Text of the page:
Tale of Five Elections


Kachin National Congress party supporters rally in Myitkyina on August 25. (Hkun Lat)
Kachin National Congress party supporters rally in Myitkyina on September 10. (J.M. Elizabeth)

‘Our feet are tied’: Candidates in Myitkyina hobbled by COVID-19 restrictions

Ethnic parties are battling larger, national ones by focusing on state-level issues in the Kachin State capital, but the pandemic has made it hard to reach rural, offline voters.

This article is part of Frontier’s Tale of Five Elections series. We’re following the election through five townships across the country, capturing events and local voices through the campaign, voting and declaration of winners. Scroll to the bottom for the first article on Myitkyina.


Restrictions on large gatherings to curb COVID-19 have made the election campaign period more subdued than in 2015, but in the Kachin State capital of Mytikyina, visual proof of the November election is everywhere. People wearing t-shirts and masks with different party logos throng through the streets and markets of the northern city on the Ayeyarwady River.

Party swag is one way candidates are trying to build name recognition while still adhering to health measures. Ze Lum, a campaign manager from the United Democratic Party, said the party has run out of t-shirts several times and has had to order more.

Unlike in 2015, candidates cannot hold public meetings at churches, monasteries or large community halls. Instead, they are exhausting themselves by traipsing door-to-door in as many villages and wards in their constituencies as they can. 

“We have many problems on the ground,” said Kachin State People’s Party candidate Lum Zawng, who’s running for a Kachin State Hluttaw seat in the neighbouring constituency of Waingmaw-2. This seat is currently held by the National League for Democracy, the party that controls the state government and has the largest share of seats in the state hluttaw.

Kachin women in traditional dress rally for the National League for Democracy in Myitkyina ahead of the 2015 election. (Steve Tickner | Frontier)

“Some villages in my constituency are far from the town and the roads are sometimes bad, but candidates are not allowed to stay overnight in villages,” he said, referring to a ban imposed as a local measure against COVID-19. “Travelling back and forth from the city is very time-consuming and ineffective.”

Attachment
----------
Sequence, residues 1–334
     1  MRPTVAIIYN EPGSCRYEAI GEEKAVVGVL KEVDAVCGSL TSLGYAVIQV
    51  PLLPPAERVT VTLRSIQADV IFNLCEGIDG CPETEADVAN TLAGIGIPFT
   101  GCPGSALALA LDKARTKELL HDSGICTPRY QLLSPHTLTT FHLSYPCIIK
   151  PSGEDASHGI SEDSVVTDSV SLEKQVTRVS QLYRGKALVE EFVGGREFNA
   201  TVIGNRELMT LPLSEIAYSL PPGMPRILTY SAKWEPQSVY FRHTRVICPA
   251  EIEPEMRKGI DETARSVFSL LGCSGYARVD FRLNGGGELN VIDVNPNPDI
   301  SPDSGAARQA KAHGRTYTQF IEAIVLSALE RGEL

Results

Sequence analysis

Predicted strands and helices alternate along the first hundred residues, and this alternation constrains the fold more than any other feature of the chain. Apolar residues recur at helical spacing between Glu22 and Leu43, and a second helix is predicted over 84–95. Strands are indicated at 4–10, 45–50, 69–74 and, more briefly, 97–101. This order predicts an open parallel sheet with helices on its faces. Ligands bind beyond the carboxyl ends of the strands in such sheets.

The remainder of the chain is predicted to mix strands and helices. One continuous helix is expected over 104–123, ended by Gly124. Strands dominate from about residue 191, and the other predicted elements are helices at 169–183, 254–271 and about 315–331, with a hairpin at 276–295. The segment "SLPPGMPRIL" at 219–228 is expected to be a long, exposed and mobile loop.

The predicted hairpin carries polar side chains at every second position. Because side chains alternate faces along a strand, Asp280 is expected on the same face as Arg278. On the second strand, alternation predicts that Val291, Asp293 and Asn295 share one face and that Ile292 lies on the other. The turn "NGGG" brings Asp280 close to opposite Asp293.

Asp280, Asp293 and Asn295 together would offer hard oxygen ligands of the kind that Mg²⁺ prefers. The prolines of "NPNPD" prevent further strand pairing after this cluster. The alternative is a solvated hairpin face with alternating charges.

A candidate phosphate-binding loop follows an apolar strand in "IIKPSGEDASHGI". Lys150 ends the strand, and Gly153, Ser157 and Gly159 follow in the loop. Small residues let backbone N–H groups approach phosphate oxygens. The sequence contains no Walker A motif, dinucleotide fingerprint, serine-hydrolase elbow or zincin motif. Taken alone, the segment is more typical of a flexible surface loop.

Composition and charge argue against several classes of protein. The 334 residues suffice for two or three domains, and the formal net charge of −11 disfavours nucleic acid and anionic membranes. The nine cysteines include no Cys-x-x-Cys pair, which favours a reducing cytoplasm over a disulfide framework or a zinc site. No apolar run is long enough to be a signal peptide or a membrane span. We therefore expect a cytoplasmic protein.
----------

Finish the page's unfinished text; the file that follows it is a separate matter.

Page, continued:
Still, in Myitkyina, national parties like the NLD and ethnic parties like the KSPP are pressing ahead by holding small gatherings and canvassing household by household.

“NLD members from wards and villages who own spacious compounds are organising gatherings of up to 50 people,” the maximum number allowed by the health ministry, said Ndung Hka Naw, the party’s candidate for the Amyotha Hluttaw seat of Kachin-11, which encompasses Myitkyina and is currently held by the military-aligned Union Solidarity and Development Party. “As well as following the instructions, we also provide masks and hand sanitiser to those who attend,” he told Frontier.

Other parties have resorted to vehicle convoys. Lum Zawng said younger KSPP supporters have been touring the township on bicycles and motorbikes.

National parties, however, have suspended vehicle convoys locally. Ostensibly this is a precaution against the spread of COVID-19, but in recent weeks there have been media reports of large NLD and USDP vehicle rallies elsewhere in Myanmar.

NLD candidate Ndung Hka Naw said the party is worried that convoys through downtown Myitkyina could attract crowds large enough to breach COVID-19 rules.

Chairperson for the USDP’s Myitkyina branch U Nyunt Win said the party has also suspended convoys for the time being.

The relatively small-scale campaigning in Kachin State has helped it to avoid ugly clashes between NLD and USDP supporters that have broken out elsewhere, mainly in Bamar-majority areas. The dust ups have received widespread criticism on social media.

Supporters of the Tai-Leng Nationalities Development Party campaign on the Ayeyarwady River in Myitkyina on August 25. (J.M. Elizabeth)

“Parties here seem to be following the regulations and have resisted launching big campaign events that would raise health concerns among voters,” said Reverend Hkalam Samsom, president of the influential Kachin Baptist Convention. “I don’t see conflicts between the red and the green this time either,” he added, referring to the NLD and USDP by their colours.

But along with the perks of incumbency, the governing NLD’s name recognition infers it a greater advantage amid the pandemic restrictions, which make it harder for smaller and newer parties to raise awareness. In its campaign, the NLD has largely focused on the personality of its leader, State Counsellor Daw Aung San Suu Kyi – a face familiar to all.